Large numbers of metallic fragments have been found in samples taken from within the crater area. Analysis has proved they were pieces from exploded ordnance such as bombs and grenades. This had led to the theory that wartime bombing could also be the cause of the crater.[8]

1.3. Geological

In 2005 Dr Francesco Stoppa from the Gabriele d'Annunzio University proposed that a rapid emission of mud and/or water could also be a potential cause for the basin's formation.[9]

2. Analysis and Interpretation

The Abruzzo region.

An impact generating a crater the size of one at Sirente would have been visible from a great distance. Skyward it would have first been seen as a strip of fire that turned into a fireball before culminating in a pyrotechnic bolide.

Early radiocarbon dating apparently fixed the formation of the main crater within the 4th and 5th centuries AD (c. 301–401 AD). In this period, the territory was part of the Roman municipium of Superaequum. A local Roman village belonging to Superaequum is known to have been suddenly abandoned possibly in consequence to fire during the 4th century. Christian catacombs dating to the same period reveal bodies were piled-up hurriedly in a manner indicating a public calamity.[10]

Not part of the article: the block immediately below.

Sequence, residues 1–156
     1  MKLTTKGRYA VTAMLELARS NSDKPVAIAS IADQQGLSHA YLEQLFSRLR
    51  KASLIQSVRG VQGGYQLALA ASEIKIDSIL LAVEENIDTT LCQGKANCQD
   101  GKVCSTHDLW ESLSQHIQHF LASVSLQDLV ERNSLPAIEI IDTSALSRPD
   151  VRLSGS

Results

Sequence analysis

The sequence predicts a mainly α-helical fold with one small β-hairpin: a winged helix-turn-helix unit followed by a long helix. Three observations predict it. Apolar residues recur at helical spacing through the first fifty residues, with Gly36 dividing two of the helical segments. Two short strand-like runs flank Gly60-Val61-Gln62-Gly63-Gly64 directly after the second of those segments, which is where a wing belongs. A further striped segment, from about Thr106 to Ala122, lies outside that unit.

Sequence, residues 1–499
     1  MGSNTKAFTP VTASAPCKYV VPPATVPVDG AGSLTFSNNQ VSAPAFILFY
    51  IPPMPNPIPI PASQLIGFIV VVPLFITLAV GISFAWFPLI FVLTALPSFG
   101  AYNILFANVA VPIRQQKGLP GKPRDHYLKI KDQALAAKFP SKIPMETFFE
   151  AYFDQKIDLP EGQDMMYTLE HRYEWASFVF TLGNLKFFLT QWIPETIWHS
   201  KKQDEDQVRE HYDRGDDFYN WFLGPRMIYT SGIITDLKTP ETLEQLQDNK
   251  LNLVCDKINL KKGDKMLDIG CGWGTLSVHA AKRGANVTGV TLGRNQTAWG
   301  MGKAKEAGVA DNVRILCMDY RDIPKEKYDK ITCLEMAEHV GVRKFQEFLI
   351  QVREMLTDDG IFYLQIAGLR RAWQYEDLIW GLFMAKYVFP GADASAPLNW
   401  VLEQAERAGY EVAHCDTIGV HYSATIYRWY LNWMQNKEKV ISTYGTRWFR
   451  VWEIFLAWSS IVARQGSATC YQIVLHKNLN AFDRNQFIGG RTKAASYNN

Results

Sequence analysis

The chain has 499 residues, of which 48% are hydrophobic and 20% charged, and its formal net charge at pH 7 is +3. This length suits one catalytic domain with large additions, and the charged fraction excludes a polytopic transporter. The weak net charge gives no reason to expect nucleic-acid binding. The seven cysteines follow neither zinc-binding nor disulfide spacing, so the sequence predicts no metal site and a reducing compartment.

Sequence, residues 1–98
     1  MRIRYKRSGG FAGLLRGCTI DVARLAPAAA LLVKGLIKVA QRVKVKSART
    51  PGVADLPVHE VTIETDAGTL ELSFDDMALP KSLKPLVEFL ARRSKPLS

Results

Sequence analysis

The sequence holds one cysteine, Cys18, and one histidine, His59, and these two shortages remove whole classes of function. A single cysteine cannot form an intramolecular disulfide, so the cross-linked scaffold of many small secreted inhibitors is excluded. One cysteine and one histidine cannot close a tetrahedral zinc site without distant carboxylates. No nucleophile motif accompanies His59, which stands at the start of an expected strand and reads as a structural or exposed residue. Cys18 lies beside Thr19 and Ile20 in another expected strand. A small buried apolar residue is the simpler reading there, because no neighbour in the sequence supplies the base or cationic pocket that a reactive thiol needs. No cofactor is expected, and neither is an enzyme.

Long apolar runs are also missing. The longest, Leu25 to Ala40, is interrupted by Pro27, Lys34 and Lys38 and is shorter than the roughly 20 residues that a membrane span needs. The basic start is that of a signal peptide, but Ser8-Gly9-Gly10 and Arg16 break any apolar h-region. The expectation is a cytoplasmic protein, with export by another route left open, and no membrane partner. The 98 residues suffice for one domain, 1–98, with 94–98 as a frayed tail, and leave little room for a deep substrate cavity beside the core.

A story, taken from the oral traditions of Abruzzo, concerning the region's religious conversion from Paganism to Christianity possibly records the impact event in the 5th century AD.

The 16th century The conversion of Constantine by Rubens.